Monday, October 5, 2009

On the behalf of

Moral: Wherein we consider that one may need to act on the behalf of another is an age-old situation in human affairs. Parents perform this role for their children. As we can see in many cases, a grown child may accept fiduciary duties for an aging parent.


All civilized people point to the 'golden rule' as a primary in this regard. This is true, as well, in economics in so far as ethics may apply. Trouble is that some want to use a metaphor more from what we think of nature and its dwarinistic ways.

So, there is the issue of caveat emptor. In financial affairs, one might think that some counselor is looking out for one's interest, however, in many cases, this is not the case. The financial guy is more into selling something that will line his or her pocket, not in really considering the client's interest.

Then, we have the Madoff type (thanks, WSJ). As said earlier, we need to update the label for this type of thing as Ponzi was so long ago (we now have Made-off).

On 10/2/2009, the USA Today reports that there are many schemes being uncovered all the time. That somewhat points to having something like Fisher's view about smelling a rat to be taught on a regular basis. That is, the nose is a talent to hone.

Other notions that apply here are accountability and being aware. On the former, whatever role one has ought to have some type of review from time to time. Just being prepared to give an accounting can be a good discipline in any endeavor. Trouble is, under what circumstance can such a report be warranted? Some business methods have gravitated toward yearly reviews for employee evaluation. Also, in terms of work, the efforts to determine earned value have some appeal. Yet, these are not easy problems; even doing assessment of fair value is not without problems.

In term of the latter (being aware), we have to consider how the counseling role evolves. The fact of the matter is that there are more things that we do not know than that we know, the hubris of the know-it-all aside. That is, no one is expert at everything. Using the medical experience as an example, all one has to do is try to talk to some doctor about anything that is outside of his or her specialty interest or training.

So, given the existence of things like innumeracy, one can see why the financial adviser community as grown to be so large. Let's forget, for the moment, the whole thing of whether financial engineering (despite MIT's involvement) is even a valid field and consider the need with a few questions that we'll consider in more details.

Does the need for the financial expert really exist? How do we know that the flim-flam of casino capitalism isn't the main culprit? If that is the case, ought not the brains (yeah, best-and-brightest) be looking at more robust ways and means?

Can all this be put in framework that allows the normal person to make reasonable decisions about financial affairs? Is it by necessity that the underlying instability is exploited by those who have been allowed to game the system?

Note: Just because we have the difficulties involved with determining value is no reason for those who can (like anyone close enough to the market's workings to extract regular pocket fillings -- hey, work under a vow of poverty people, that is, anyone dealing with other people's money) to exploit the situational issues arising from complexity and undecidability.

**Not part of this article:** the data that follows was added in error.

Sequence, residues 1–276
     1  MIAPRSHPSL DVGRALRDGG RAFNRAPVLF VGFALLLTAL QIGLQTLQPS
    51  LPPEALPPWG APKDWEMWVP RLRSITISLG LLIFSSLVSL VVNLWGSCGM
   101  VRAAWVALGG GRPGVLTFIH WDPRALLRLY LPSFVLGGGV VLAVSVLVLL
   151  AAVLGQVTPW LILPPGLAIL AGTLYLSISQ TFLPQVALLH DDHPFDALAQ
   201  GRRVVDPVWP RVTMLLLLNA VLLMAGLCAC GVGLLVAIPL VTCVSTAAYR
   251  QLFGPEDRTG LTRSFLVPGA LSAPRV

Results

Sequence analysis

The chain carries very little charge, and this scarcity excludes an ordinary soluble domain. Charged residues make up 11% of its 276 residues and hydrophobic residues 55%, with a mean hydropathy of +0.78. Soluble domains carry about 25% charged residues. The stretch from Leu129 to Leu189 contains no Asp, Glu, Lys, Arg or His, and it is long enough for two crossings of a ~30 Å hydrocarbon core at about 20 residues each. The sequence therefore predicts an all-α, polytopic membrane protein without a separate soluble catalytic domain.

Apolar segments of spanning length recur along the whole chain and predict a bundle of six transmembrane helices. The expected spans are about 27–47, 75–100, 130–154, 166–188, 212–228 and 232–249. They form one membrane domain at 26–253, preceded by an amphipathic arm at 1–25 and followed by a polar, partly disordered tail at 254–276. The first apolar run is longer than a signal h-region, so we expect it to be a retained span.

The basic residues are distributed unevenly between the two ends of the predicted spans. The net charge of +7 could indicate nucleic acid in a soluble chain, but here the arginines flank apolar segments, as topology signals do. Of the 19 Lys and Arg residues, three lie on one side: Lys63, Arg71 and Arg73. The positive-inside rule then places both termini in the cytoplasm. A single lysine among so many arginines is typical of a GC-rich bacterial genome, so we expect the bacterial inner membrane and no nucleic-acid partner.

05/11/2012 -- Rick getting grief from quoting Marx.

05/17/2011 -- Golden sacks (leftmost mug of the rogue table), by Rolling Stone and Daily Ticker.

03/16/2011 -- On the rise of the professional politician (will there ever be the citizen polico? that is, those who do not salivate when a buck is passed beneath the nose) toward robber barony. The M & Ms are apropos. As well, need to bring in Schervish's viewpoint.

05/25/2010 -- Who will (or can) lead out of the morass?

01/06/2010 -- Poor Ben, getting grief and criticism.

01/03/2010 -- More news on Goldman Sachs as the uber example of 'not on the behalf' comes to fore regularly. It'll need to be a separate subject at some point. Thanks to McClatchy: Nov 1, 2009 & Jan 3, 2010 (update). Goldman has to respond, of course.

12/29/2009 -- Time calls Ben an uber-Nerd.

12/28/2009 -- Ben was named the Time Person of the Year. Nice. We can't call him 'King' as we saw with Alan's 'cult of personality' reign.

12/15/2009 -- Requiem for the dollar (WSJ) and responses.

12/09/2009 -- The Street loves Ben who loves 'em back: The Street utterly loves the Fed's largess, earning massive profits from trading unstable currencies, the carry trade (borrow short-term dollars near zero, buy longer-term assets abroad), and the high-margin process of transferring America's capital abroad.

11/08/2009 -- The gigantic chimera needs proper attention.

11/06/2009 -- There ain't no train, just like there ain't no free lunch (TANSTAAFL).

10/16/2009 -- 201K <-- 401K --> 25601K, this denotes the current financial gaming.

10/06/2009 -- Ah, yes, on the behalf of. It is clear that Alan and Ben act on our behalf, though one has to wonder what 'our' means as it sure is not the little guy. Finance, people, can be (probably ought to be) run as a non-profit affair. AND, the CEO (or whatever the titles at the top) would not make $1M and more! That is absurd. We have people who put their lives on the line for this country and its ideals for pittance. As said before, we really need a national service (Remarks 09/03/09) experience for the young'uns, especially for those of the privileged classes.

Modified: 05/11/2012

No comments:

Post a Comment